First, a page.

May 28 2015
For Iraqi Shias and Iran, taking control of Tikrit has a special meaning. Tikrit was closely identified with Saddam Hussein.
Shi'ite fighters or Hashd-al Shabi look at smoke from an explosives-laden vehicle driven by an IS suicide bomber that exploded during an attack on Tikrit.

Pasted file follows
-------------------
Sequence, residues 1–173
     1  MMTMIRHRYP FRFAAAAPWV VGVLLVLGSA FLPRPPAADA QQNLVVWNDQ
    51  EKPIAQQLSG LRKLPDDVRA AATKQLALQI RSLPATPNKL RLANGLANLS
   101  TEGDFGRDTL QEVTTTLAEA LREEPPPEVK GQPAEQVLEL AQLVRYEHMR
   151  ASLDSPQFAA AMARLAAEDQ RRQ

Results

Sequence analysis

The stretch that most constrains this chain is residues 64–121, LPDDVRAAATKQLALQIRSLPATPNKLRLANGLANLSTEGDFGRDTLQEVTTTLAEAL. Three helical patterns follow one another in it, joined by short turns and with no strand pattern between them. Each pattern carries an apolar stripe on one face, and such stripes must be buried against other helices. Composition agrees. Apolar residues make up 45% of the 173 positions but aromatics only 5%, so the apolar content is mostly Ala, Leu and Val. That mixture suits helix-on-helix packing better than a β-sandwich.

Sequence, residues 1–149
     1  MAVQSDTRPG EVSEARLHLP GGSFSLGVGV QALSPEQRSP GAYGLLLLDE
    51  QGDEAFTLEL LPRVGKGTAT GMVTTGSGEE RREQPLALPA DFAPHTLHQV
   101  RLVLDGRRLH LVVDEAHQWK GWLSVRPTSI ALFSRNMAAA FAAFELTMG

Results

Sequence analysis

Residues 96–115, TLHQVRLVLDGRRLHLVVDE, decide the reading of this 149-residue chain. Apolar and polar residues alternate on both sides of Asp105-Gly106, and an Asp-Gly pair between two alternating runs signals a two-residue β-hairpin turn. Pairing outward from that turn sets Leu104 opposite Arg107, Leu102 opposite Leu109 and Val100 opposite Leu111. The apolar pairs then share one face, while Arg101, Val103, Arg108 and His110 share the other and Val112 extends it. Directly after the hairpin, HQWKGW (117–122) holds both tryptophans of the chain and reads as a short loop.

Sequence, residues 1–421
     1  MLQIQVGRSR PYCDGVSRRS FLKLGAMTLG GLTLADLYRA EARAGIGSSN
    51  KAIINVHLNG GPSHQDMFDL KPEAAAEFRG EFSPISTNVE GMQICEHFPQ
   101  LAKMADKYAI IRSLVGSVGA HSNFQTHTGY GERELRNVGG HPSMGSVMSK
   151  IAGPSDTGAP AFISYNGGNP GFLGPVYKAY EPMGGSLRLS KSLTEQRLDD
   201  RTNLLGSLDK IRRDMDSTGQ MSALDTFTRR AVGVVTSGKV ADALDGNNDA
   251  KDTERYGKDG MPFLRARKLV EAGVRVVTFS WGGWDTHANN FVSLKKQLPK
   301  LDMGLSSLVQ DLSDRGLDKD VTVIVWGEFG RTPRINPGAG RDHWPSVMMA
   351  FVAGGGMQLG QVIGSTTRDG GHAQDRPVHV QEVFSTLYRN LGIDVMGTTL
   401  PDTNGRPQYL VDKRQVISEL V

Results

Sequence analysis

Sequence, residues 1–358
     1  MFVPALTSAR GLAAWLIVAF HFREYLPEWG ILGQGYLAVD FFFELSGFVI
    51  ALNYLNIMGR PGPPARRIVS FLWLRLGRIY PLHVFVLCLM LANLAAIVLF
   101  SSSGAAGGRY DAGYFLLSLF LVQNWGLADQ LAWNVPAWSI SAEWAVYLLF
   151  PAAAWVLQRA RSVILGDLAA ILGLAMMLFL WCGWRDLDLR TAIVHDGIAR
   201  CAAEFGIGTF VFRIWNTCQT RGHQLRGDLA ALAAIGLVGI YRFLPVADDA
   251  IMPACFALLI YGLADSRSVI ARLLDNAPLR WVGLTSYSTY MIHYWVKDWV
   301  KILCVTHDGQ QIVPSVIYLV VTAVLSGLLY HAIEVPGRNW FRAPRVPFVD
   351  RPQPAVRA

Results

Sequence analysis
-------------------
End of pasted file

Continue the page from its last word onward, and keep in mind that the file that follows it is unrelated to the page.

TIKRIT, the birthplace and the burial site of Saddam Hussain, has been a fulcrum in the Sunni heartland of Iraq that had fought the US forces from 2003 until their withdrawal in 2011 and since maintained a continuous challenge to the predominantly Shia regime in Baghdad, accusing it of sectarian bias, ill-treatment and vindictiveness. Tikrit also contributed some other top leaders of Iraq in the past. Colonel Ahmed Hasan Al-Bakr, the first President of Baathist Iraq hailed from Tikrit. Izzat brahim Al-Douri, (the sole surviving member of Saddam Husain's inner circle until his reported death last month in Tikrit), who carried on the Baathist legacy under the appellation of Nakshabandi Order that played a role in Islamic State in Iraq and Levant (ISIL)'s takeover of Mosul and Tikrit last June, hailed from Al Dour, an outlying town of Tikrit. Saddam Hussain's own brother-in-law Adnan Khairallah who belonged to Tikrit was Defence Minister until his death in a helicopter crash in the late 1980s. Until 2003, Iraq's intelligence chiefs were mostly from Tikrit. Tikrit also happens to be the birthplace of Salahuddin al-Ayoubi, ethnically a Kurd and known to the world as Saladdin, who led the Muslim armies in the 12th century crusades and retook Jerusalem from Christian control. Tikrit was renamed Salahuddin, symbolising the connection with Jerusalem’s conqueror.